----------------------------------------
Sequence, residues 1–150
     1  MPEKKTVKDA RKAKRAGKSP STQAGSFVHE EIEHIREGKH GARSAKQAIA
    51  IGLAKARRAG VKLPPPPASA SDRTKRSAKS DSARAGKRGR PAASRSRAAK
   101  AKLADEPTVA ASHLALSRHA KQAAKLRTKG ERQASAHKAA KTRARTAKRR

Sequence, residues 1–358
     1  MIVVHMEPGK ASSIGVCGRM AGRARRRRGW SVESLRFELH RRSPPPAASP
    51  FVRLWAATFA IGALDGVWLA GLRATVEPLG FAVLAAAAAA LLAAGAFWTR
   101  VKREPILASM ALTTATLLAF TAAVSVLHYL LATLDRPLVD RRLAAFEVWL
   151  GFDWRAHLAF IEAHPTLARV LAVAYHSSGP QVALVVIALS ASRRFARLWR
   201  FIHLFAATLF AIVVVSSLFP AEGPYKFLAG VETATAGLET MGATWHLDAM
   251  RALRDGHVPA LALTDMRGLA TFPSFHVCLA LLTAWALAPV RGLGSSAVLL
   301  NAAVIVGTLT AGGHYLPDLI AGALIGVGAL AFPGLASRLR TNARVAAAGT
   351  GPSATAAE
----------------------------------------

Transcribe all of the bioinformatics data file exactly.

Sequence, residues 1–150
     1  MPEKKTVKDA RKAKRAGKSP STQAGSFVHE EIEHIREGKH GARSAKQAIA
    51  IGLAKARRAG VKLPPPPASA SDRTKRSAKS DSARAGKRGR PAASRSRAAK
   101  AKLADEPTVA ASHLALSRHA KQAAKLRTKG ERQASAHKAA KTRARTAKRR

Sequence, residues 1–358
     1  MIVVHMEPGK ASSIGVCGRM AGRARRRRGW SVESLRFELH RRSPPPAASP
    51  FVRLWAATFA IGALDGVWLA GLRATVEPLG FAVLAAAAAA LLAAGAFWTR
   101  VKREPILASM ALTTATLLAF TAAVSVLHYL LATLDRPLVD RRLAAFEVWL
   151  GFDWRAHLAF IEAHPTLARV LAVAYHSSGP QVALVVIALS ASRRFARLWR
   201  FIHLFAATLF AIVVVSSLFP AEGPYKFLAG VETATAGLET MGATWHLDAM
   251  RALRDGHVPA LALTDMRGLA TFPSFHVCLA LLTAWALAPV RGLGSSAVLL
   301  NAAVIVGTLT AGGHYLPDLI AGALIGVGAL AFPGLASRLR TNARVAAAGT
   351  GPSATAAE